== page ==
Tesla's (NASDAQ:TSLA) stock has been on a roll lately: Over the last month alone, it increased about 19%. Since the beginning of the year, shares of the hyped electric car manufacturer rose a whopping 75% with new impulses coming from the announced Tesla/Panasonic gigafactory agreement and well-received second quarter results. However, just because Tesla's stock rises and investors love it, doesn't mean the company is not mis-priced.
Quite the opposite is true: I believe Tesla is one of the most mis-priced stocks in the marketplace, but little can be done at any particular moment to correct such a mistake if the herd is stubbornly convinced a valuation of nearly eighty times forward earnings is appropriate for a deeply free cash flow negative company.
At the end of February 2014, I again recommended investors to short Tesla at approximately $210 due to valuation concerns. I wrote:
Tesla's free cash flow profitability was previously a serious concern for me and I don't think that the company's results, despite decent y-o-y improvements, justify a current forward P/E ratio of 60 and a P/S ratio of 13 -- especially with Ford's results and valuation metrics in comparison. Add to that the ongoing uncertainty about the investigation by the U.S. National Highway Traffic Safety Administration, which, in the worst case, could impose substantial costs for Tesla if recalls are required.
Shortly after the publication of my short thesis on Tesla, the stock indeed began to tank and ultimately fell back to $179 in May 2014. With a series of promotional news (gigafactory anyone?), Tesla's stock price, however, quickly reversed course again and subsequently reached new 52-week Highs. Shares are now trading at around $262 and are sitting just below Tesla's most recent 52-week High at $266.
Second quarter results weren't spectacular at all
Tesla's flagship product, the Model S, saw deliveries of 7,579 units in the second quarter and a production volume of 8,763. Tesla has guided to a total delivery volume of 35,000 units or more in fiscal 2014, which would translate into about 8,750 cars per quarter.
On the financial side of the business, Tesla certainly increased revenues by a respectable margin: Its second quarter revenues came in 90% higher at $769 million vs. last year's $405 million while Tesla's net loss doubled from $31 million in Q2 2013 to $62 million in the most recent quarter. On a per share basis, Tesla's net loss increased from $0.26 in last year's second quarter to $0.50 in the most recent quarter.
More importantly, Tesla's free cash flow continued to look really dismal and actually worsened year-over-year: The company reported a negative free cash flow of $177 million, much higher than last year's negative FCF of $77 million.
(Source: Tesla Motors Second Quarter Earnings Release)
In addition, Tesla's second quarter operating cash flow was also negative.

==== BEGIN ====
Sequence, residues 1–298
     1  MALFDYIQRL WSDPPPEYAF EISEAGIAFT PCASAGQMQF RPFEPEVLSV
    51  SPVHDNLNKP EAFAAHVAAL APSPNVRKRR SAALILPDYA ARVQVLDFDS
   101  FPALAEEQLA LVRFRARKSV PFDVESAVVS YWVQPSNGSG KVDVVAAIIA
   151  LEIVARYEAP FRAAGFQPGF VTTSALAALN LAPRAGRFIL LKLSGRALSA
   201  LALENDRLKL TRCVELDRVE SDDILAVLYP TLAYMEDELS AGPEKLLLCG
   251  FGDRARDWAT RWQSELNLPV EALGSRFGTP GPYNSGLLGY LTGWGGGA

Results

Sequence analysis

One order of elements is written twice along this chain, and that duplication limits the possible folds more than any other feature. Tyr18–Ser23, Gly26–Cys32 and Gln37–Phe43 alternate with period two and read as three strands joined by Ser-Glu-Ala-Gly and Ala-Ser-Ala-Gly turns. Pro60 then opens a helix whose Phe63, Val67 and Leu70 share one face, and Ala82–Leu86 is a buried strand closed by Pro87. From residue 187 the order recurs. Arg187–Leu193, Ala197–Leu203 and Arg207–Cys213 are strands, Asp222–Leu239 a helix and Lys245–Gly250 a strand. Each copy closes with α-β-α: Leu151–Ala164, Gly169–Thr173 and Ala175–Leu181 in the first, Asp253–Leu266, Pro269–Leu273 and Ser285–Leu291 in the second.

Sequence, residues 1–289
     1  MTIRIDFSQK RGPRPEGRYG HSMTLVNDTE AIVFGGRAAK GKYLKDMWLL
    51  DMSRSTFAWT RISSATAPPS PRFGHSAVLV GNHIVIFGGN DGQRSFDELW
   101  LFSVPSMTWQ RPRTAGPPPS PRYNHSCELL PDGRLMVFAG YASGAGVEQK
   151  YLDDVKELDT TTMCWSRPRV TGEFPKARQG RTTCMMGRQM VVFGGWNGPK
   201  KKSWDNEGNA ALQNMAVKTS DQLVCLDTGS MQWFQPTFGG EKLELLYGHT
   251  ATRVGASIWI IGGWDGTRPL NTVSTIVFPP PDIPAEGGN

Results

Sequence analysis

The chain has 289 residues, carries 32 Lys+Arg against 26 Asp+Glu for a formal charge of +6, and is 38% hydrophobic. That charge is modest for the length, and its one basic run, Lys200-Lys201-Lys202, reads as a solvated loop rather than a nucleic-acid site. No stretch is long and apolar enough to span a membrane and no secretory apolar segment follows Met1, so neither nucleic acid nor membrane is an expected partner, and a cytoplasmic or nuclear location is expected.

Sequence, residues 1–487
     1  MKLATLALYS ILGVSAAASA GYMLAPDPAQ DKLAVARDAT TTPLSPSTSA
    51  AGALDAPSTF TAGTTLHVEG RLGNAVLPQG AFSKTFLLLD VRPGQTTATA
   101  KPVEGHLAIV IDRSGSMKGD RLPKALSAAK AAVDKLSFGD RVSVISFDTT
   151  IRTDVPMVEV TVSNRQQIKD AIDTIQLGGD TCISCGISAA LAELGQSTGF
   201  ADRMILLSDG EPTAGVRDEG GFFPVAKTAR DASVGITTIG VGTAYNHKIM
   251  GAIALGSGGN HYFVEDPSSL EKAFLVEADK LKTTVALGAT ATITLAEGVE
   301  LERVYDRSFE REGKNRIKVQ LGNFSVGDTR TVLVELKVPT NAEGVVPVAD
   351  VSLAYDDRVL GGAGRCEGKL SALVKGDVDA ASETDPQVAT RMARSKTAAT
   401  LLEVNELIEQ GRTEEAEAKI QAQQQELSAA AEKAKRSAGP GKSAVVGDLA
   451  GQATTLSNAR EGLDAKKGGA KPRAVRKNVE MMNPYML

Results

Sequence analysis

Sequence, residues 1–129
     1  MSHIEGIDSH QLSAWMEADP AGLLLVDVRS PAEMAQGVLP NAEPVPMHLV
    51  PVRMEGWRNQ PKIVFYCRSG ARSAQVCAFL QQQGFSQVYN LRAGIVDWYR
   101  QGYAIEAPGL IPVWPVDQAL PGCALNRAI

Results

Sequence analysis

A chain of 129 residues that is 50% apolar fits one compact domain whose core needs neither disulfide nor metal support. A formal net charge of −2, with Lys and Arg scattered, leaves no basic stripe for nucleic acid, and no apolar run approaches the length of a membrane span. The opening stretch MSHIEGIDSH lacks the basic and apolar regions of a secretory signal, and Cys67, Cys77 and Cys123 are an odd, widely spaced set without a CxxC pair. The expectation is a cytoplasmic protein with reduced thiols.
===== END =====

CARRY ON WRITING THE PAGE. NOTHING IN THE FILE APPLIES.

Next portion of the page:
Though I get the growth story that is being repeated over and over by bulls, I doubt that these financial results justify a current market capitalization of $33 billion, which equates to about 80x forward earnings and implies an outrageous sales multiple of more than 13x.
What we see with Tesla in the marketplace is a prime example of herding behavior and investors speculating on further short-term momentum. However, this seems to be an inherently unstable situation. Tesla's valuation has certainly run way ahead of its fundamentals even after considering second quarter 2014 results, which were (wrongfully) cheered by investors.
Tesla's stock has had a great run over the last couple of months and the excitement was largely fueled by speculators who bet on ever increasing stock prices.
As stock market history has revealed over and over, buying stocks when everybody else does is a clear sign of forthcoming troubles.
The potential for trouble, though, is magnified if stocks trade at indefensible valuations, which clearly is the case here.
I cannot help but dislike Tesla purely from a valuation point of view and because of its unattractive free cash flow profile. A lot of it has to do with the notion that Tesla is perceived as an infallible company which is about to revolutionize the car industry. In addition, Tesla clearly benefits from its charismatic CEO, Elon Musk, who excites investors, but who last year also argued that Tesla's stock appeared to be overvalued -- Tesla was trading at around $160 at the time.
With the valuation ratios witnessed in the market (80x forward earnings, 13x sales), one has to conclude that Tesla's stock price has largely run ahead of its fundamentals. Tesla needs stunning performance results in the future in order to grow into such lofty valuation figures.
Given the extreme amount of bullish articles on Tesla on the internet as well as on Seeking Alpha, it is clear that the electric car manufacturer has become a crowded trade, which shouldn't bode well for Tesla's stock price. Ultimately, gravity will catch up. Short.
Disclosure: The author has no positions in any stocks mentioned, and no plans to initiate any positions within the next 72 hours. The author wrote this article themselves, and it expresses their own opinions. The author is not receiving compensation for it (other than from Seeking Alpha). The author has no business relationship with any company whose stock is mentioned in this article.